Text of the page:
or Concolic Execution Collects path conditions along concrete executions Negates constraints on the PC after a run and Executes again with the newly found solutions Can overcome the weaknesses of classic symbolic execution

DART/Concolic Execution
X>0 & Y!=10 & X>3 void test(int x, int y) { if (x > 0) { if (y == hash(x)) S0; else S1; if (x > 3 && y > 10) S3; S4; } native int hash(x) { if (0<=x<=10) return x*10; else return 0; test(1,0) test(4,0) X > 0 X > 0 & Y != 40 S1 X>0 & Y!=40 & X>3 & Y<= 10 S4 X > 0 X > 0 & Y != 10 S1 X>0 & Y!=10 & X<=3 S4 DART/Concolic Execution

DART/Concolic Execution
X>0 & Y!=40 & X>3 & Y>10 X>0 & Y=40 & X>3 & Y>10 void test(int x, int y) { if (x > 0) { if (y == hash(x)) S0; else S1; if (x > 3 && y > 10) S3; S4; } native int hash(x) { if (0<=x<=10) return x*10; else return 0; test(4,11) X > 0 X > 0 & Y != 40 S1 X>0 & Y!=40 & X>3 & Y>10 S3 test(4,40) X > 0 X > 0 & Y = 40 S0 X>0 & Y=40 & X>3 & Y>10 S3 DART/Concolic Execution

DART/Concolic Execution
X>0 & Y=40 & X<=3 & Y>10 void test(int x, int y) { if (x > 0) { if (y == hash(x)) S0; else S1; if (x > 3 && y > 10) S3; S4; } native int hash(x) { if (0<=x<=10) return x*10; else return 0; test(1,40) X > 0 X > 0 & Y != 10 S1 X>0 & Y!=10 & X<=3 S4 Divergence! Aimed to get S0;S4 But reached S1;S4 Culprit in red; DART tries to satisfy a constraint specific to a previous run DART/Concolic Execution

Mixed Concrete-Symbolic Solving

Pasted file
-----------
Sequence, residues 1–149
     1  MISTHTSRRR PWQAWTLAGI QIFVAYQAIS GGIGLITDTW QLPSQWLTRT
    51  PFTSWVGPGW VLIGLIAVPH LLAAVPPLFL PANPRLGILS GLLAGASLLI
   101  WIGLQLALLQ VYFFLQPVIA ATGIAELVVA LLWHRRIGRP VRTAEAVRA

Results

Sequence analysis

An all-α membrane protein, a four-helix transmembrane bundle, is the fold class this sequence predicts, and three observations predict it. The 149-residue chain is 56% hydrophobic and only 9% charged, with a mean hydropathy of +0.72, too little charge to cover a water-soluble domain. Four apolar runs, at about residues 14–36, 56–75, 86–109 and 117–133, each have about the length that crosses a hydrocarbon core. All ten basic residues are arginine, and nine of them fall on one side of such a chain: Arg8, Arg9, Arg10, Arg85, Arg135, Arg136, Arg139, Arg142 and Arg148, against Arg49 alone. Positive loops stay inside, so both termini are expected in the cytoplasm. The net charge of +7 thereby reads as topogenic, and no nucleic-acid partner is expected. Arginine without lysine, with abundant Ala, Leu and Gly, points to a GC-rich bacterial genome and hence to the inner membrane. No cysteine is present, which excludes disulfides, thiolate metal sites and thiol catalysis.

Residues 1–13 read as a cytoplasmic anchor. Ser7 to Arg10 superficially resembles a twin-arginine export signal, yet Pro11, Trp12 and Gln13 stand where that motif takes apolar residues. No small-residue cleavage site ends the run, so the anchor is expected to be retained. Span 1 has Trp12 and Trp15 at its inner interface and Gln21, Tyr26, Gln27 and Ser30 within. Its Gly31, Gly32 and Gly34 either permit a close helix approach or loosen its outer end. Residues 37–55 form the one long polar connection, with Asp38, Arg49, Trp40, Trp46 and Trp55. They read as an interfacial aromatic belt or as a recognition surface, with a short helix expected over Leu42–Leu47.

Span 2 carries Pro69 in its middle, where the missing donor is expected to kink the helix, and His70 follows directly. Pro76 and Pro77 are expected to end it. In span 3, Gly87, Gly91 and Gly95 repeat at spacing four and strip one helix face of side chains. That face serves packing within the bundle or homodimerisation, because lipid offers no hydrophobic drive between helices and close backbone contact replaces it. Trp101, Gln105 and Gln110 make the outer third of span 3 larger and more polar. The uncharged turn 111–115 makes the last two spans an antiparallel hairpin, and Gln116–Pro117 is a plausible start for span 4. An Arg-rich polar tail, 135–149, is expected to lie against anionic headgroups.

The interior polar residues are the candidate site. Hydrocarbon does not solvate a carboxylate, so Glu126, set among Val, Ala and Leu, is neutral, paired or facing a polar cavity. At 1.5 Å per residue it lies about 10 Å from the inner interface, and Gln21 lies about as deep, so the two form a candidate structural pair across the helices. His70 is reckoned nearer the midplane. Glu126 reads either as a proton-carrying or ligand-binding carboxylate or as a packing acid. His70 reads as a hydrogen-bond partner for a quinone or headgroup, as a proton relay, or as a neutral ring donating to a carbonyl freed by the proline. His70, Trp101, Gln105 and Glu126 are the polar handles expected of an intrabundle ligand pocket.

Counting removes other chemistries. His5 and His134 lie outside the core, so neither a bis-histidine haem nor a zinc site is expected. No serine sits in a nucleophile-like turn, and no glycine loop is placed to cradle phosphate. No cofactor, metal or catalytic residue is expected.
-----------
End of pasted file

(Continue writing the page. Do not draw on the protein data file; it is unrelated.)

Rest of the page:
vs DART Both incomplete Incomparable in power (see paper) Mixed concrete-symbolic solving can handle only “pure”, side-effect free functions DART does not have the limitation; will likely diverge

Incremental Solving User Annotations Random Solving

Incremental Solving … void test(int x, int y) { if (x > 0) {
if (y == hash(x)) S0; else S1; if (y > 10) S3; S4; } int hash(x) { if (0<=x<=10) return x*10; else return 0; PC: true PC: X>0 PC: X<=0 Solve X>0 hash(1)=10 Check X>0 & Y=10 PC: X>0 & Y=hash(X) S0 Solve X>0 & Y>10 Solution: X=1 hash(1)=10 Check X>0 & Y>10 & Y=10 PC: X>0 & Y>10 & Y=hash(X) S3 PC: X>0 & X<=3 & Y=hash(X) S4 Suggests future solvers to give multiple solutions Not SAT! Solution: X=2 hash(2)=20 Check X>0 & Y>10 & Y=20 Get another solution: SAT!

User Annotations … @Partition({“x>3”,”x<=3”})
void test(int x, int y) { if (x > 0) { if (y == hash(x)) S0; else S1; if (y > 10) S3; S4; } int hash(x) { if (0<=x<=10) return x*10; else return 0; PC: true PC: X>0 PC: X<=0 Solve X>0 hash(1)=10 Check X>0 & Y=10 PC: X>0 & Y=hash(X) S0 Solve X>0 & Y>10 & X>3 Hash(4)=40 Check X>0 & Y>10 & Y=40 SAT! Add user partitions one at a time PC: X>0 & Y>10 & Y=hash(X) S3 PC: X>0 & X<=3 & Y=hash(X) S4

Random Solving Pick solutions randomly from the solution space
Current implementation only picks randomly if the solution space is completely unconstrained

Implementation Mixed Concrete-Symbolic Solving Custom Listeners on SPF
Symbolic PathFinder SPF Symbolic Execution Extension for JPF (jpf-symbc) Model Checker for Java Open Source Java PathFinder Experience TSAFE (Tactical Separation Assisted Flight Environment) Apollo Lunar Pilot Example PC: 37 constraints in simplePC and 6 in complexPC

Related Work Tools that perform mixture of concrete and symbolic execution EXE, DART, CUTE, PEX, SAGE, … “Higher order test generation” – P. Godefroid [PLDI’11] Uses combination of validity checking and un-interpreted functions Generates tests from validity proofs Implementation challenge

Conclusions and Future Work
Mixed concrete-symbolic solving to address problems with classic symbolic execution Handling native libraries Incomplete decision procedures Open source implementation for Java Future Work More experiments More heuristics Handle data structures executed outside symbolic execution Use JPF’s serialization

Thank you!